Diane was no monster. Let me explain.

I worked at the theater for several years before ever really meeting her. I would eye her from the rafters as she floated through the stage, a solemn grace to counter all imperfection, it would seem. My boss would scold me as my carelessness became the best of me when I became more entranced, as the colored lights on strings would slip one-by-one and fall to the floor. Nevermind that, I told myself, these things of little consequence. Some days upon viewing her I would be astounded by the breadth of our senses, picking up a magazine at a newsstand to suddenly discover the text was in Sanskrit. We forget our childish notions of inferiority and shame in our sheer awe. Our eyelids become awash with a sea of stained glass. Decades would pass while we idled in our thought until our source of inspiration has disappeared without us realizing.

I was too shy to approach her. Are we truly so bent on our own magnificence that we are ashamed of ourselves? No, no, that was never the case with me. I was humbled at the sight of her. It would be an affront to her very being to reconcile my thoughts with the unforgiving reality I faced.

I would return to my apartment each night and cover my walls with her image. The misgivings of my perception were too much to bear. In furious episodes I would tear off all of my wallpaper in repentance. Although carefree streaks of color would grace my eyes upon her presence, my hand was no medium for their transcription. There was a terrible malevolence to the images, a thing of great evil. I would hum songs of her voice but my tone faltered, emaciated and useless. As a child I would write stories of myself as a great artist, a visionary, for my hands to tear into the hearts of my audience and bring them to their knees, crushed by their newfound insights into humanity. I sat on the floor and stared out the window as airplanes circled me overhead.

Let's stop this.


I spent weekends at the harbor, scribbling into a sketchbook. Allen lets me sleep on his floor on the worst of days, when I'd show up at his step too drunk to find my way home. As I laid in half-sleep I would let myself be haunted by the most elusive of images. In some twisted state of mine his walls would surrender their guise and float forth as spectres. I've always lied to him about my name. "Timothy," I picked. I always wanted to be named that, so it was an easy adjustment. I never let him see my apartment. For years now I'd approached him with some fabricated desperation as he groaned and poured forth sympathy. I didn't mind.

I found myself on Saturday still trying to capture some magnificence of the ships. They were always this thing of wonder, mammoths of steel tearing through the water without hesitation. There was some sacred benevolence to them as they moved with unerring grace through the harbor. I sit at the edge of the dock swilling gin, trying to let my pencil bring forth some labyrinthine beauty, but my fingers sway from the gin and I become frustrated and drink more. Nevermind this.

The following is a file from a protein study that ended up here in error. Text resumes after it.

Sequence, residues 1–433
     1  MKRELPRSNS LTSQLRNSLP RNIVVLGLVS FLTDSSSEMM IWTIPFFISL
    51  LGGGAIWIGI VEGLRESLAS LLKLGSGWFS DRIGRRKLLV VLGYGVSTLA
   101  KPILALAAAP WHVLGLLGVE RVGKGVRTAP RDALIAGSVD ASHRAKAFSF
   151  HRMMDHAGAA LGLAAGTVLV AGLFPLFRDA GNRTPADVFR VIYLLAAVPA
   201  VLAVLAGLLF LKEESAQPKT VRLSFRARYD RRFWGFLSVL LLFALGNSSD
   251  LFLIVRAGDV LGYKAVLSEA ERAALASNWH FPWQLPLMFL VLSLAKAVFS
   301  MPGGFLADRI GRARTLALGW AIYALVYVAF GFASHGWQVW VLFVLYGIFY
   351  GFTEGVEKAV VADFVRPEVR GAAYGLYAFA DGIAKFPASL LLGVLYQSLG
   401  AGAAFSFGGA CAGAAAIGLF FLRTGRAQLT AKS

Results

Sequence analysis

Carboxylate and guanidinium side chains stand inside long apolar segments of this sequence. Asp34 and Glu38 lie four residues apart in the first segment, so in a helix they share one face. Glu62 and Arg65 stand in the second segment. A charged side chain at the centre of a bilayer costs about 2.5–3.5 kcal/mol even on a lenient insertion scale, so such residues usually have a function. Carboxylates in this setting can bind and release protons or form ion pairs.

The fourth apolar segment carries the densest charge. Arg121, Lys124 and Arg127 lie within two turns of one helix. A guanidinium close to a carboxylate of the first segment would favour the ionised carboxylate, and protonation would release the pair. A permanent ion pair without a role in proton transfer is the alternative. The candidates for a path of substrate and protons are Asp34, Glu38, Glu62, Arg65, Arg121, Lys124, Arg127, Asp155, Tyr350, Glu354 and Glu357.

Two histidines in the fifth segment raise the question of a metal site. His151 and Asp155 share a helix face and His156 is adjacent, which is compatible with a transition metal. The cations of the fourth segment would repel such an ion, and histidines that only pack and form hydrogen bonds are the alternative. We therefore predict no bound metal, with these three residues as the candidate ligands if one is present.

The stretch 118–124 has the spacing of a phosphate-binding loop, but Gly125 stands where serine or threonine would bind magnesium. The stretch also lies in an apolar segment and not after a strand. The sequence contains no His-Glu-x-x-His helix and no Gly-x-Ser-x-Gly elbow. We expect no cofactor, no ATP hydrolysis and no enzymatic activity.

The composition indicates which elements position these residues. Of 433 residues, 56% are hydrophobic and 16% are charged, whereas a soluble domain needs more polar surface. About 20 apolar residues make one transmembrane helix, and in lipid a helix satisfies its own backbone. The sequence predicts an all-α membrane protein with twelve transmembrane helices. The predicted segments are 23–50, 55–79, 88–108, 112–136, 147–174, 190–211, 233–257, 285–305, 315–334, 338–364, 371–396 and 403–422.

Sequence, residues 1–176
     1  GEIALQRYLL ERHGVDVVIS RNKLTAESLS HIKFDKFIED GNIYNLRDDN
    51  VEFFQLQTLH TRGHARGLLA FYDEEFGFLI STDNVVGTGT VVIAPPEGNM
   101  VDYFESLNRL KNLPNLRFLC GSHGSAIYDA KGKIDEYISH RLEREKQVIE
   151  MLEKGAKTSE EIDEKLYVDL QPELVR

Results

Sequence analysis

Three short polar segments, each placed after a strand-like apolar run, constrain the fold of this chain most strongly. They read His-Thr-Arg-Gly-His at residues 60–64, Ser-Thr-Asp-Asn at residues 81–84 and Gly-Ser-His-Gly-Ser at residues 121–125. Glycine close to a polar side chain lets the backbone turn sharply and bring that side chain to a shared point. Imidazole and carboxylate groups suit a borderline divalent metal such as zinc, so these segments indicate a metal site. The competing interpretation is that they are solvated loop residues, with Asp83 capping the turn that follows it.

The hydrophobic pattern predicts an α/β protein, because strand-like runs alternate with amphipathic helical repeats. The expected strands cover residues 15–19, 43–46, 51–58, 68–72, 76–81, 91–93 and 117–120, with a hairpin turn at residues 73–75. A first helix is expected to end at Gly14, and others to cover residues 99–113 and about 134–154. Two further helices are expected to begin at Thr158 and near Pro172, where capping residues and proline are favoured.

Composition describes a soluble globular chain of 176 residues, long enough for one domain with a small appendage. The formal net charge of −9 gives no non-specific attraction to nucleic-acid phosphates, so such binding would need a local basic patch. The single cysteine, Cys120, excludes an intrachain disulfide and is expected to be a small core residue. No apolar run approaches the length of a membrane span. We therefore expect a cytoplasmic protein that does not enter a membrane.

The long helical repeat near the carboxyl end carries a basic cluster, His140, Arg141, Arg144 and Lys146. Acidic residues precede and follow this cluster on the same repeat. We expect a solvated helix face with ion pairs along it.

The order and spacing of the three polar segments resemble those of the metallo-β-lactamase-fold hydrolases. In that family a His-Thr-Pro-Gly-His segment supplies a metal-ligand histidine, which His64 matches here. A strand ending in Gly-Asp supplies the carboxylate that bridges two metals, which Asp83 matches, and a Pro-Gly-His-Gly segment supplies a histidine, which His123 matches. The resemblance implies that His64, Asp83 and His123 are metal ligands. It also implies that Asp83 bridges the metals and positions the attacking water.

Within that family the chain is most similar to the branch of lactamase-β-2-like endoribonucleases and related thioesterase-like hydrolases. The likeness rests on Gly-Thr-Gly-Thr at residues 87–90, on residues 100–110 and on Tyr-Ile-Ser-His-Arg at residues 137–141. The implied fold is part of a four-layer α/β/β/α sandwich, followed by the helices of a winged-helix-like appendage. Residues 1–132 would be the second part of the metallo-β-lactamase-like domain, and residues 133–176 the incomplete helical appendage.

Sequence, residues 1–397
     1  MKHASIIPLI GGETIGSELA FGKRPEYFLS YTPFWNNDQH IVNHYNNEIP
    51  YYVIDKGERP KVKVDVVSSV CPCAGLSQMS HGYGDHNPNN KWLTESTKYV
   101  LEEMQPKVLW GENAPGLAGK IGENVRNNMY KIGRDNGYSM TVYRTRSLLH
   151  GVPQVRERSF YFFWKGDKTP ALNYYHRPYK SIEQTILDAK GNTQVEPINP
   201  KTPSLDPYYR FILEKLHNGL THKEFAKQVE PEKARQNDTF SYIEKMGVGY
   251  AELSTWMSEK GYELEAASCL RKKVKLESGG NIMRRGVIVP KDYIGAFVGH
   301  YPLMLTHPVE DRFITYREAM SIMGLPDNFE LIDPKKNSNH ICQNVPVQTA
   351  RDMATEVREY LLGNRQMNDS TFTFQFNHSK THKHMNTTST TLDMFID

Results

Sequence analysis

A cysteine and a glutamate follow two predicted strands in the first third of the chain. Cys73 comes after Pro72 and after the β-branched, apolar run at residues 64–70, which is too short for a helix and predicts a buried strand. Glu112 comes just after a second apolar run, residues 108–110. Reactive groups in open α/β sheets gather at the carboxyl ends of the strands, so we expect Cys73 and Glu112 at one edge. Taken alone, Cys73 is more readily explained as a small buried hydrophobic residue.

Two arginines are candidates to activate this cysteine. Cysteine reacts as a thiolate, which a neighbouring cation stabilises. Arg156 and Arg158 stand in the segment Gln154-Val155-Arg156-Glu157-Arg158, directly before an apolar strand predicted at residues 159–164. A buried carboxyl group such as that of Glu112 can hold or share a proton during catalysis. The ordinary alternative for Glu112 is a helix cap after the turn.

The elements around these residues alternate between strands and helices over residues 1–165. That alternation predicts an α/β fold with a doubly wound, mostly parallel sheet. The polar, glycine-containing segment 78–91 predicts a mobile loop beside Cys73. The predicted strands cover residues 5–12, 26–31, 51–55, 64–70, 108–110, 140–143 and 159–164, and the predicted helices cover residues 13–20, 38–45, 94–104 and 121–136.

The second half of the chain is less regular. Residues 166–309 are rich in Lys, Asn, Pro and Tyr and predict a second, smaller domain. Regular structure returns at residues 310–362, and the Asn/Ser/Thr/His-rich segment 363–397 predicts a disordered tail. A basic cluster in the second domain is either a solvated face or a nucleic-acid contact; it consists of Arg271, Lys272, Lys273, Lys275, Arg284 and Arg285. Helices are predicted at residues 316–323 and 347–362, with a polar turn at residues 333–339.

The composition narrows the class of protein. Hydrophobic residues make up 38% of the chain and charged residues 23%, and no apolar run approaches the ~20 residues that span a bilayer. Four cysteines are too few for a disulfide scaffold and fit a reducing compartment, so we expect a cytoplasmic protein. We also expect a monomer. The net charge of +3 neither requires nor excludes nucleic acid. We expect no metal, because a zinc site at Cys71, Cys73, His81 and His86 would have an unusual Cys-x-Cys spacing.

I wander through the streets until dusk is merciful enough to fall. The smoke hangs heavy on the buildings, some sick beauty we dare not delight in. Again I find myself at his step, a glint of hope in his voice fading upon hearing mine. He buzzes me in and I'm greeted by his door left ajar. He sits on his torn-up chair, pulling on a cigarette.

"I've gotta leave at five, so you can't stay for long," he mutters. He stares into a book, the smoke rising in tendrils from his fingers, convening around his face. He wanders to his bedroom and shuts the door.

The nights here are bathed in a thick haze of neon. The electricity in the walls and the water in the pipes are engraved with some tired anguish that burrows into my mind, and I stare at the walls in their immaterial dances.

There is no beauty in this place. Under my hands, awash in flames, the building has some hollow instant of divine grace, some wondrous symphony of color, some tired crawl towards salvation. Beneath the torches of righteousness is the building's ascent to perfection. There is some gift of martyrdom in their conquest of beauty, some greater use to this.

And so I leave.

The next week is easier. There is some grace in my fingertips, there is some color returning to my face. I see her still from afar, no less beautiful from the gods we may witness. To be as fortunate as a ray of light to brush her cheek and tear relentlessly into the sky is too much to ask. I doubt I will.

Diane sings me to sleep every night. In her voice is the tired protest of the battered harbor, the weariness of the sky from the sun tearing it open. Against her breast I find every tomorrow, some siren of dreams in the most tired of cities.

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